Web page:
Graduation Year


Document Type




Degree Name

Doctor of Philosophy (Ph.D.)

Degree Granting Department

School of Aging Studies

Major Professor

Kathryn Hyer, PH.D., MPP

Committee Member

Debra Dobbs, Ph.D.

Committee Member

Alyssa Gamaldo, Ph.D.

Committee Member

Hongdao Meng, Ph.D., MPH

Committee Member

Kevin O’Neil, M.D.


Advance care planning, stages of change, transtheoretical model, mixed methods


Communication concerning the care one wishes to receive at the end of life (EOL) is central to ensuring that wishes are honored. Many studies have examined doctor-patient or doctor-family EOL communication. However, relatively few studies have focused on the occurrence of EOL care discussions among family members. This is an important topic, as research suggests that advance directives (ADs) are ineffective if patients have not involved surrogate decision-makers, most of whom are family members. This study examined EOL care discussions among family members. It used quantitative and qualitative data from a diverse sample of older adults from West Central Florida collected for the purpose of this examination. The quantitative and qualitative data were analyzed separately and together.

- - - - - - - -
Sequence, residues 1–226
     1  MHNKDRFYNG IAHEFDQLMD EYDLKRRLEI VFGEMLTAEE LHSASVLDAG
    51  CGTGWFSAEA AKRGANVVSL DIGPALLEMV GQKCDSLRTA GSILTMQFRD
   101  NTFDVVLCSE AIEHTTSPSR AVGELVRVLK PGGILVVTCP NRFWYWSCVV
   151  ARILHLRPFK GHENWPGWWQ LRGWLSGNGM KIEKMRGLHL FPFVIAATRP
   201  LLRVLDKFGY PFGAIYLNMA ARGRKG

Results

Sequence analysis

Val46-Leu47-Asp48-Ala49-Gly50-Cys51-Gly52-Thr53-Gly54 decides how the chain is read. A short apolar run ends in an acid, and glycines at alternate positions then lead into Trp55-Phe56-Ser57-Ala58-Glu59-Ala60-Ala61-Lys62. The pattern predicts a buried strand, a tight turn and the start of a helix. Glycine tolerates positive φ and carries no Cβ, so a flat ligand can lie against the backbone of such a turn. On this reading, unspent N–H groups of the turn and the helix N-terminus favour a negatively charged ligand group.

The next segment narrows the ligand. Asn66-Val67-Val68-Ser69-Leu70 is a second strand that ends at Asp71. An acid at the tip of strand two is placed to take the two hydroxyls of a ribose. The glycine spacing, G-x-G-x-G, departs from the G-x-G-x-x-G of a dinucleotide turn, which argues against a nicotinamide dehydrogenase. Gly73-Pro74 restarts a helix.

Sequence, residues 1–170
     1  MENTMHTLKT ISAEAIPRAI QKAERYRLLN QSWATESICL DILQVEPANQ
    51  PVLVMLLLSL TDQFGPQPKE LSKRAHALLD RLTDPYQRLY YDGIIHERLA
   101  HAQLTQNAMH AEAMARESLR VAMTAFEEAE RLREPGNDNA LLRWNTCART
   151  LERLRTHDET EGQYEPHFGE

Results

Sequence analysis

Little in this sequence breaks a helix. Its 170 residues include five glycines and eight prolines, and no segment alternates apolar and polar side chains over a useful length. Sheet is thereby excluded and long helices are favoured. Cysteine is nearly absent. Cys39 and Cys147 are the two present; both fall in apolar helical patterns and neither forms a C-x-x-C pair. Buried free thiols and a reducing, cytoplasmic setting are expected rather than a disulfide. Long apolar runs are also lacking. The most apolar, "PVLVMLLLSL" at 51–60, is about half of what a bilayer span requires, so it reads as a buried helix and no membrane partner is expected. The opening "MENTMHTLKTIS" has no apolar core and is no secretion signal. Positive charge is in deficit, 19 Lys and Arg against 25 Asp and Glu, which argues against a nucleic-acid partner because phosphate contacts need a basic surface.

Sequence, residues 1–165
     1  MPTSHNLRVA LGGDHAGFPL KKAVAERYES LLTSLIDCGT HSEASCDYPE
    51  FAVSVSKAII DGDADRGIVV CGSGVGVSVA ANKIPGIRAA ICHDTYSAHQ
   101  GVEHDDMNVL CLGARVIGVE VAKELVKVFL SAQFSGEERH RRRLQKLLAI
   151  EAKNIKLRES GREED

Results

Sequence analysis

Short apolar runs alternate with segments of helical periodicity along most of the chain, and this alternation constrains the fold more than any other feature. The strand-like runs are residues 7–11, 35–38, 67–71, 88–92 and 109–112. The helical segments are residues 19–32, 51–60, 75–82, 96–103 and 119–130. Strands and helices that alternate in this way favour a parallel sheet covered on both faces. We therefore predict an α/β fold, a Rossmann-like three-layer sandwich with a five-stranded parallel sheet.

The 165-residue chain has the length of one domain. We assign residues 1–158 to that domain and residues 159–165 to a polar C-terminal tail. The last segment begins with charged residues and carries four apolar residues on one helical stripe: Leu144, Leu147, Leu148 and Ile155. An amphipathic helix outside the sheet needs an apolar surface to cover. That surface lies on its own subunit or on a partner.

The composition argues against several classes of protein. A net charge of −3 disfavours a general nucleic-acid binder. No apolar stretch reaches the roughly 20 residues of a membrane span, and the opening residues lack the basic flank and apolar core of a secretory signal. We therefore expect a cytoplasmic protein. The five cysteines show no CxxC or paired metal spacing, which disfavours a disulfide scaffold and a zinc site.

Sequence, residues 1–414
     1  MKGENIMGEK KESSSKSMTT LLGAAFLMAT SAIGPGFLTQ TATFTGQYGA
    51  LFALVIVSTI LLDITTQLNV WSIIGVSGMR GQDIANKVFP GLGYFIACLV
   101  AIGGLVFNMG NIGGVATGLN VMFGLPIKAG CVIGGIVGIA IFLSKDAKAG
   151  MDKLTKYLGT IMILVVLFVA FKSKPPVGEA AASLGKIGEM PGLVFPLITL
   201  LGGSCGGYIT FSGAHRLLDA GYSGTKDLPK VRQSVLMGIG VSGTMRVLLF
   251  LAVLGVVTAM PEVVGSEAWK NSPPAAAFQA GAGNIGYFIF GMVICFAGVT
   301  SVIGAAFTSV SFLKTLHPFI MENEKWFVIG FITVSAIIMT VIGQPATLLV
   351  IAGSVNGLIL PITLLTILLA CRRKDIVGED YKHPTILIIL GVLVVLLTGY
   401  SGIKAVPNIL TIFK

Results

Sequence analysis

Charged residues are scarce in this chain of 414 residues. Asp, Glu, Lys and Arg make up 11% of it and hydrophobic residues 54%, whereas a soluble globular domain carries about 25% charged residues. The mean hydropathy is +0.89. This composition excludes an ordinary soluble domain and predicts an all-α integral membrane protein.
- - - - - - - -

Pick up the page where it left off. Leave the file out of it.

This study employed the Transtheoretical Model, which proposes that individuals are in varying behavioral “stages of change” and that bringing about a behavioral change requires understanding their particular stage and adapting interventions appropriately. Statistical analysis of the quantitative data (N=364) using multinomial logistic regression showed that participants were in distinct stages that were associated with several factors, including family involvement with health care decision-making and communications with doctors. Racial and ethnic differences were not found in controlled analysis, though Hispanics were less likely to be in more advanced EOL care discussion stages in unadjusted analyses.

Several themes were found in qualitative analysis of focus groups (n=36) drawn from the larger sample. Findings suggested that those who engaged in family EOL care discussions were more careful planners overall, more accepting of death, and able to manage complex family dynamics. They also had greater knowledge of EOL matters, largely related to knowledge of loved ones EOL wishes.

The quantitative-qualitative (mixed-methods) study reinforced the role of family relationships in general in whether EOL care discussions occurred. It also highlighted the role of being proactive and having EOL care knowledge. All three studies – the quantitative, qualitative, and mixed methods showed the potential for doctors and other health professionals to help families with EOL care discussions and ACP overall.